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**Hint:**We sketch the point of interest, all forces acting on it, and resolve all force vectors into x– and y–components to create a free-body diagram. Every object in the problem requires a separate free-body diagram.

**Complete step by step answer:**

Let us consider that the acceleration of rope is $a$ which rotates in clockwise direction. Then the acceleration of ${m_1}$ will be $(a + 1.2)$ and the acceleration of ${m_2}$ will be $( - a + 2)$. So, the final diagram is as follows:

Now, let us make a free body diagram for the two masses.

Calculating the net force we will get two equations.

For the first mass:

$T - 40g = 40(a + 1.2) \\

\Rightarrow T - 40(10) = 40(a + 1.2) \\

\Rightarrow T - 400 = 40a + 48 \\

\Rightarrow T = 40a + 448 \\ $

For the second mass:

$T - 60g = 60( - a + 2) \\

\Rightarrow T - 60(10) = 60( - a + 2) \\

\Rightarrow T - 600 = - 60a + 120 \\

\Rightarrow T = - 60a + 720 \\ $

Comapring the above two equations we get,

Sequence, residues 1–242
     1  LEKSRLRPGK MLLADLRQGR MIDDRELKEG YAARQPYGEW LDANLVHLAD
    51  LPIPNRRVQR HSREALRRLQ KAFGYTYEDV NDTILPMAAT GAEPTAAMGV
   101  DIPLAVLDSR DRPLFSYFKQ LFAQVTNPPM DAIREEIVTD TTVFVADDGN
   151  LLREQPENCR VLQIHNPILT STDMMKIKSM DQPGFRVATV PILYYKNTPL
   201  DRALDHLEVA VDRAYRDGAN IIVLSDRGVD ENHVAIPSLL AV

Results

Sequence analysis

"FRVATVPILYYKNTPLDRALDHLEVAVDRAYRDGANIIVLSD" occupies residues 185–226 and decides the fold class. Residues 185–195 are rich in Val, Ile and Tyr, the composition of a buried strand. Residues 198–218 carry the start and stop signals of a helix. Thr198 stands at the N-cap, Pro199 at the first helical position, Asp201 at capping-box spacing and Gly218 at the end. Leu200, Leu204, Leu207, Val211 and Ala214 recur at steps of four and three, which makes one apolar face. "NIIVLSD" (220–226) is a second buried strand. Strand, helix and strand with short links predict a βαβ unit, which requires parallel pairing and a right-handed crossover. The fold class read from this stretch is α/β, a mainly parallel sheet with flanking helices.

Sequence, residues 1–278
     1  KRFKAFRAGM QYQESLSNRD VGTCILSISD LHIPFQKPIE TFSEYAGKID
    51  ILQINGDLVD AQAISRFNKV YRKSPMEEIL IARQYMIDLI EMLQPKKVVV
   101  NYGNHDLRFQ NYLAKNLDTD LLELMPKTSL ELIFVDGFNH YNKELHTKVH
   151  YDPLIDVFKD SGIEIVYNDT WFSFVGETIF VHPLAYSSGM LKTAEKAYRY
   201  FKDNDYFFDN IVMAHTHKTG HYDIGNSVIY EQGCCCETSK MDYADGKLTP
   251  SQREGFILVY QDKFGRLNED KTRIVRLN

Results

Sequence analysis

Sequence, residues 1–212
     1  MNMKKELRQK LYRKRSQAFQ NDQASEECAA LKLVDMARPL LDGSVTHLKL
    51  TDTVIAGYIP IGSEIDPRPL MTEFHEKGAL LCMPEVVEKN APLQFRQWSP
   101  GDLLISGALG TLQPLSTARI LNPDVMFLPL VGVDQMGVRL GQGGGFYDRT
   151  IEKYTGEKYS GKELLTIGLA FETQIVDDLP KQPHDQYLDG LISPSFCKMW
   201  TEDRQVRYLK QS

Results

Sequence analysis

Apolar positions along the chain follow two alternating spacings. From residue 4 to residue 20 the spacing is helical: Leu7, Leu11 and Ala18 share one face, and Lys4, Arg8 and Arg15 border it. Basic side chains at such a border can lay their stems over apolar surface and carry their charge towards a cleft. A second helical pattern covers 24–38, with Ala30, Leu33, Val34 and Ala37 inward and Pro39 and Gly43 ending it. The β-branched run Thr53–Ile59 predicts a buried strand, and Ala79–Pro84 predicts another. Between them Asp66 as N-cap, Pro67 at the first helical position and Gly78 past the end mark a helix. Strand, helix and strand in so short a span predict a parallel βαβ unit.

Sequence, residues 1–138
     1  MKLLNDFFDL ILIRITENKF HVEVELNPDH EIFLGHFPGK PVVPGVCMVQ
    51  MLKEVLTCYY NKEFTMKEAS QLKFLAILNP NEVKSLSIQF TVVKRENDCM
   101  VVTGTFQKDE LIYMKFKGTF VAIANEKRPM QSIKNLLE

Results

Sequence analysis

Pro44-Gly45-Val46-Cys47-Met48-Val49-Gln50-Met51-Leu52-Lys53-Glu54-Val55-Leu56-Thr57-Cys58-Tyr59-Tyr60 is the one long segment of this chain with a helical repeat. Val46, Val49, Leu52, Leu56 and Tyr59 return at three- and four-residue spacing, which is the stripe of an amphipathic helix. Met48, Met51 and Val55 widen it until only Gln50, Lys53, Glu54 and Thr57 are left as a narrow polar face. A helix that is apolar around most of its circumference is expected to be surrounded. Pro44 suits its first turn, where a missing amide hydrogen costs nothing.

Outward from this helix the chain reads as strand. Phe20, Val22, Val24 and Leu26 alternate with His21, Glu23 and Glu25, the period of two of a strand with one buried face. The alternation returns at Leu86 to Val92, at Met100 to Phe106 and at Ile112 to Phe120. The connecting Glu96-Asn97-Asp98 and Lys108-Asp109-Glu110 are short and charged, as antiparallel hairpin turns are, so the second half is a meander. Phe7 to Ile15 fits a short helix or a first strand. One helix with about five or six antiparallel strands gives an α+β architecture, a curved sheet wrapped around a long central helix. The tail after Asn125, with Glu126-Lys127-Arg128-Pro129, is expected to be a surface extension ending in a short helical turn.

$40a + 448 = - 60a + 720 \\

\Rightarrow 100a = 272 \\

\Rightarrow a = 2.72m.{\sec ^{ - 2}} \\ $

Now, lets calculate the value of Tension using this value

$T = - 60a + 720 \\

\Rightarrow T = - 60(2.72) + 720 \\

\Rightarrow T = - 163.2 + 720 \\

\Rightarrow T = 556.8N \\ $

Hence, option (B) is correct as Tension in the rope is 556.8N.

Now, we will calculate the individual acceleration of each mass

${a_1} = a + 1.2 \\

\Rightarrow {a_1} = 2.72 + 1.2 \\

\Rightarrow {a_1} = 3.92\,m.{\sec ^{ - 2}} \\ $

Similarly,

${a_2} = - a + 2 \\

\Rightarrow {a_2} = - 2.72 + 2 \\

\Rightarrow {a_2} = - 0.72m.{\sec ^{ - 2}} \\ $

Now we should calculate the time when both the masses will be in the same horizontal height. Hence, we will use the following formula,

$s = ut + \dfrac{1}{2}a{t^2} \\

\Rightarrow 5 = 0(t) + \dfrac{1}{2}(2.72){t^2} \\

\Rightarrow 10 = 2.72{t^2} \\

\Rightarrow {t^2} = 3.67 \\

\therefore t = 1.48\sec $

Therefore, Option (c) is also correct as time after which they will be at the same horizontal level is 1.47 sec.

**Hence, we conclude that option B and option C are the correct answer.**

**Note:**Objects are not often subjected to four powers. The number of forces represented by a free-body diagram can be one, two, or three in some situations. The number of forces that must be drawn in a free-body diagram is not a hard and quick guideline. Drawing free-body diagrams has only one rule: represent all of the forces that occur with that entity in the specified case.

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